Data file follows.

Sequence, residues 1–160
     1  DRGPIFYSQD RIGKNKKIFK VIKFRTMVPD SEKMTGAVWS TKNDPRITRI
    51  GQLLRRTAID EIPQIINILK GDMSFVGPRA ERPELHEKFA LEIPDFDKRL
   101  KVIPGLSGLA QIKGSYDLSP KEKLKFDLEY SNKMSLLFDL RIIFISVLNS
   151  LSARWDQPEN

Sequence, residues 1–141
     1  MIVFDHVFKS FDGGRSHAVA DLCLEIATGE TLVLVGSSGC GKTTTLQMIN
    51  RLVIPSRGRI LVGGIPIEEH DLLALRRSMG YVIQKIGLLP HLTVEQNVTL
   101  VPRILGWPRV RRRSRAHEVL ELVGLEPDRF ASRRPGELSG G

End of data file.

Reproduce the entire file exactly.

Sequence, residues 1–160
     1  DRGPIFYSQD RIGKNKKIFK VIKFRTMVPD SEKMTGAVWS TKNDPRITRI
    51  GQLLRRTAID EIPQIINILK GDMSFVGPRA ERPELHEKFA LEIPDFDKRL
   101  KVIPGLSGLA QIKGSYDLSP KEKLKFDLEY SNKMSLLFDL RIIFISVLNS
   151  LSARWDQPEN

Sequence, residues 1–141
     1  MIVFDHVFKS FDGGRSHAVA DLCLEIATGE TLVLVGSSGC GKTTTLQMIN
    51  RLVIPSRGRI LVGGIPIEEH DLLALRRSMG YVIQKIGLLP HLTVEQNVTL
   101  VPRILGWPRV RRRSRAHEVL ELVGLEPDRF ASRRPGELSG G